# Galilean relativity & the road to special relativity

Firstly, I just want to make sure that I've understood the notions of relative and absolute quantities correctly.

Elementary analysis shows that position and velocity are relative quantities. Indeed, position is clearly relative as two inertial frames $S$ and $S'$ displaced by a constant displacement vector $\mathbb{r}_{0}$ will measure the position of an object to be at $\mathbb{r}$ and $\mathbb{r}'$ respectively, the two positions related by $\mathbb{r}=\mathbb{r}'+\mathbb{r}_{0}$. As these two frames are arbitrary and neither can be distinguished from the other as a preferred absolute rest frame, it must be that position is relative. This argument also holds if the two frames $S$ and $S'$ are in relative motion to one another, related by $\mathbb{r}=\mathbb{r}'+\mathbb{v}t$, where $\mathbb{v}$ is the relative velocity between the two frames. Clearly it follows from this (by differentiating with respect to time) that velocity is also relative.

Now, if I understand it correctly, Newton introduced the notion of absolute space, and thus defining the absolute position and velocity of a given object as their position and velocity measured relative to this frame. Thus these relative quantities defined in the previous paragraph are all related to absolute quantities (that in principal will be the same for all observers at rest relative to absolute space, regardless of where they are located in this space). However, as a result of Galileo's principal of relativity ruling out the existence of a frame at absolute rest, i.e. absence of absolute space, it follows that the concepts of absolute position and velocity do not exist and therefore are truly relative quantities, dependent on the frame that they are measured in.

Secondly, if we consider Maxwell's equations, which are not invariant under Galilean transformations, but we require them to hold in all inertial frames, doesn't it immediately follow that the speed of light has the same constant value in all inertial frames from this assumption (given that Maxwell's equations imply a constant speed of light). Why is it given as an axiom of special relativity?

• Newton introduced an absolute time, that all observers would agree on, however nothing in Newton's work requires an absolute space. Newton understood full well that positions and velocities were relative - after all, he was familiar with Galileo's work. I don't understand your last paragraph. What exactly are you asking? Actually I'm not what the first part of your question is asking either. – John Rennie Jun 19 '15 at 11:07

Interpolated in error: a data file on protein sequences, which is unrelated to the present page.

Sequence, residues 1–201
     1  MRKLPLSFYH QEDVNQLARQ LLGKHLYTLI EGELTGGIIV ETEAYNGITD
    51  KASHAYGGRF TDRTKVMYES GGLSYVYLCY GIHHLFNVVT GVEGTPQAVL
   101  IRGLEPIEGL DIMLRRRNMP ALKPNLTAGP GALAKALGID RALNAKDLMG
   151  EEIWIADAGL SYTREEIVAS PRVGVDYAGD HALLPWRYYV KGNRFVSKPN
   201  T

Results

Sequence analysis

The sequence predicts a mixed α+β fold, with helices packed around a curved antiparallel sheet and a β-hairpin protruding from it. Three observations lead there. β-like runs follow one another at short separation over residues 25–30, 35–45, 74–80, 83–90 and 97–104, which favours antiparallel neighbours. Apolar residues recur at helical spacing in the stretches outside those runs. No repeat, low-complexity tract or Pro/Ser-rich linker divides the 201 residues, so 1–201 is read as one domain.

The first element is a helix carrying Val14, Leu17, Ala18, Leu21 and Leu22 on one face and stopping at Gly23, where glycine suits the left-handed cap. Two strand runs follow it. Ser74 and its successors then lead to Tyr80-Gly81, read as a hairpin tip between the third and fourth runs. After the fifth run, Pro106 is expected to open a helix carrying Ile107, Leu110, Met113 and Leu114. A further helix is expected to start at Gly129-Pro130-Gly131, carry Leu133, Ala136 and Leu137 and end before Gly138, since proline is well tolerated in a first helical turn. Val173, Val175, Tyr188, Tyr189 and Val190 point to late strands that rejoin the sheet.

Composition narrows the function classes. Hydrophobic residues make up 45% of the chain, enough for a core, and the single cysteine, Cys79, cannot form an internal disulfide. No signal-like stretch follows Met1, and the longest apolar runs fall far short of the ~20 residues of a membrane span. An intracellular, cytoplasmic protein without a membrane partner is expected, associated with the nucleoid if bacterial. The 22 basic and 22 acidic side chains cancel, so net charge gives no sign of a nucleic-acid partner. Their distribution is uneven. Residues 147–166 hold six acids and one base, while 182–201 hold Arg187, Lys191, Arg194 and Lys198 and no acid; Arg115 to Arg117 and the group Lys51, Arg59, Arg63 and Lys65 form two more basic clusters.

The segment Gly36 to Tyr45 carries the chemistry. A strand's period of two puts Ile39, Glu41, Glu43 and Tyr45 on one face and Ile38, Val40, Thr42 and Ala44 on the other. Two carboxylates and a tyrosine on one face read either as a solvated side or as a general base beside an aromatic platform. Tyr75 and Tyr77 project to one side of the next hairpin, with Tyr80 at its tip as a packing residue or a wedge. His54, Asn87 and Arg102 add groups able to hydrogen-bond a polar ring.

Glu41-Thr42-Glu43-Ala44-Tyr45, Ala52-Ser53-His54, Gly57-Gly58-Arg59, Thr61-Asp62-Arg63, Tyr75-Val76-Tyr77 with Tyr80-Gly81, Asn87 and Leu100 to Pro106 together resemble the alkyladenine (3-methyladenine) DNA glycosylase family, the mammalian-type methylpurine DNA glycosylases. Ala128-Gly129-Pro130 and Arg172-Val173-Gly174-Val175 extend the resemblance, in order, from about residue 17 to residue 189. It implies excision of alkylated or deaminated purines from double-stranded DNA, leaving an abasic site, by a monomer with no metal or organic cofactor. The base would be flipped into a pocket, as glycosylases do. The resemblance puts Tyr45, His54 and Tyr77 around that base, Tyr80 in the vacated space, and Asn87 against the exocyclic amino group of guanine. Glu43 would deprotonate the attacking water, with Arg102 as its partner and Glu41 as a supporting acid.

• @JohnRennie I looked at this earlier, thinking the same as you that only absolute time was involved. There is a quote on Wiki from Newton directly: Absolute space, in its own nature, without regard to anything external, remains always similar and immovable. The rest of the quote agrees with your comments regarding his views on relative motion. I'm not silly enough to argue with yourself on GR, I just wondered how relevant this quote is. Probably of no relevance if he didn't use the absolute space concept anyway, as you say above. – user81619 Jun 19 '15 at 11:52
• @JohnRennie sorry, I realise it's perhaps not best worded. The first part is really a check of whether I've understood the notions of relative position and velocity correctly? And the second part is asking why the speed of light being constant and frame independent is taken as an axiom of SR when it appears to follow if one accepts that Maxwell's theory is valid in all in all inertial frames?! – Will Jun 19 '15 at 12:02
• @Will "when it appears to follow if one accepts that Maxwell's theory is valid in all in all inertial frames?!", This fact is incompatible with Galilean relativity, since Galilean relativity necessarily puts no upper bound on speed, whereas your assumption is equivalent to assuming the existence of a finite upper bound on speed. Actually, one way to formulate SR is to state the following axiom: the laws of physics including that of electromagnetism are invariant in all inertial frames of reference. – Omar Nagib Jun 19 '15 at 13:08
• Are you asking if Newton was wrong? Yes. Newton was wrong. He was wrong about attempting to introduce absolute coordinates. That, however, is not the difference between Newtonian mechanics and special relativity, both of which have the same notion of relativity. The difference is that the equations of electrodynamics are correct at large velocities and the equations of Newtonian mechanics are not and that this has been sufficiently tested experimentally. Was Newton wrong about his equations, then? No, not really, he simply couldn't know better given the experimental limits of his time. – CuriousOne Jun 19 '15 at 19:51

## 2 Answers

Why is it given as an axiom of special relativity?